I admit it’s one of my pet peeves; I get frustrated when we (members of Churches of Christ) act as if all the spiritual heroes out there are from other fellowships. I am not suggesting that there aren’t admirable people out there, but I think we have a blind spot to our own heroes. David Lipscomb is one such hero. You may already be aware of his great influence as a preacher and Bible scholar, but did you know he took a principled stand against racial hate in his day?
When a black Christian was denied membership in a congregation in McKinney, Texas, Lipscomb roundly condemned the action. “We believe,” he declared, “it sinful to have two congregations in the same community for persons of separate and distinct races …” Why did he believe this? “God saves the negro equally with the white man when he believes in Christ and puts him on by being buried with him in baptism … I would as soon think of the worst blasphemer in the land … as a man or woman who would stand between that individual and his obedience to God. He sets at defiance God’s law, assumes to be greater than God, and is guilty of a presumptuous sin … for which we can hardly believe pardon can be found.” Continue reading Standing up even when it is unpopular
“For whosoever shall do the will of God, the same is my brother, and my sister, and mother” (Mark 3:35).
If you are an American citizen, next time you’re out and about, randomly pick two other people besides yourself. Don’t point at them or anything, just visualize, please. Statistically, one of you three can trace your roots to an immigrant who passed through Ellis Island (nyharborparks.org). Over 100 million Americans trace their roots to this spot, where the “poor, tired, huddled masses” entered the “golden door.” Continue reading But the genealogies are so boring!
In Luke 4:23, Jesus cited the Jewish proverb, “Physician, heal yourself,” (NKJV) which means, according to Albert Barnes, “Suppose that a man should attempt to heal another when he was himself diseased in the same manner.”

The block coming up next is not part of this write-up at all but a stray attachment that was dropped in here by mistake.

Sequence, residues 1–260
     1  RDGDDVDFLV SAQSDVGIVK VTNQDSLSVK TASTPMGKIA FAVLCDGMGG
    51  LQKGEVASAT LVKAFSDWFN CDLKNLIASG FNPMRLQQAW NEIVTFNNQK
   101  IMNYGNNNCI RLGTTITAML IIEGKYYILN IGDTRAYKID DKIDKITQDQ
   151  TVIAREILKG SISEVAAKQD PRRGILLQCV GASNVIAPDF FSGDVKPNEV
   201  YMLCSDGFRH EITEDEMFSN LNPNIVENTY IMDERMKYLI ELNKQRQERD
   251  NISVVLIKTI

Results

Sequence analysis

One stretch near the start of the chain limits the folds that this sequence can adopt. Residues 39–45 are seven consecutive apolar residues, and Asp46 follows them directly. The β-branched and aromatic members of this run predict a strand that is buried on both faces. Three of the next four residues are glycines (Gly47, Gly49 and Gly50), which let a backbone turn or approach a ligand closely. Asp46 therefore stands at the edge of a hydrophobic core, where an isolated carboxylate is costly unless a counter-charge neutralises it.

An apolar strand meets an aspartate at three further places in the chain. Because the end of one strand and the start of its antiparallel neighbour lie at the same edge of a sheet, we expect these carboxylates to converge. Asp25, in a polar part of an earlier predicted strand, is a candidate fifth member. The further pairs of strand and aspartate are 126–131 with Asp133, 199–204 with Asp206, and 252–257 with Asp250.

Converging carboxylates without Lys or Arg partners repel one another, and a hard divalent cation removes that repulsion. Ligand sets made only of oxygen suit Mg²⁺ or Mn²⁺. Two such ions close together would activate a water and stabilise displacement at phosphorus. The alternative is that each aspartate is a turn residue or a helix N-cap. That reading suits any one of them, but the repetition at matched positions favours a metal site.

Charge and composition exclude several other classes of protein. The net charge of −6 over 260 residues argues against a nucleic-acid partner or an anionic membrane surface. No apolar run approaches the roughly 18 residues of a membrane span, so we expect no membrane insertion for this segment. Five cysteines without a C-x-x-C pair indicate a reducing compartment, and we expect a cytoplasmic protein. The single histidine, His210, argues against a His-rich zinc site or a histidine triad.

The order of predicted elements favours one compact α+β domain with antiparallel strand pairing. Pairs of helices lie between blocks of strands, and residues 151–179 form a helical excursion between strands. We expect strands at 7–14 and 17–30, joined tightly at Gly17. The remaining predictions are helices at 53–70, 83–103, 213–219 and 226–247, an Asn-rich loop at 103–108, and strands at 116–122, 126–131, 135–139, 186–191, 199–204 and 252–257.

Christ wants us to be transformed by the gospel (Romans 12:1-2) so we can walk in holiness (Isaiah 35:8; 1 Peter 1:13-15). We can’t possibly hope to win the world unless we’ve adequately prepared ourselves in knowledge and righteousness (Proverbs 11:9).
As parents, we need to consider this carefully not only as Christians, but as parents in general because nothing in parenting comes naturally. We must do the hard work to become better people. Continue reading Parents, heal yourself
In a recent online discussion, a transgendered person claimed to have his own god that imposed upon him no obligation and only offered pleasure. He asked me if I could choose my god. I replied that we all have a choice, and the issue is to choose the true God, because we must live with the consequences of those choices.
With that, the conversation went no further. Continue reading ‘Don’t fight against the Lord God’
“While the earth remains, Seedtime and harvest, And cold and heat, And summer and winter, And day and night Shall not cease” (Genesis 8:22, NASB).
As much as we would love to have springtime last all year, this is not God’s plan.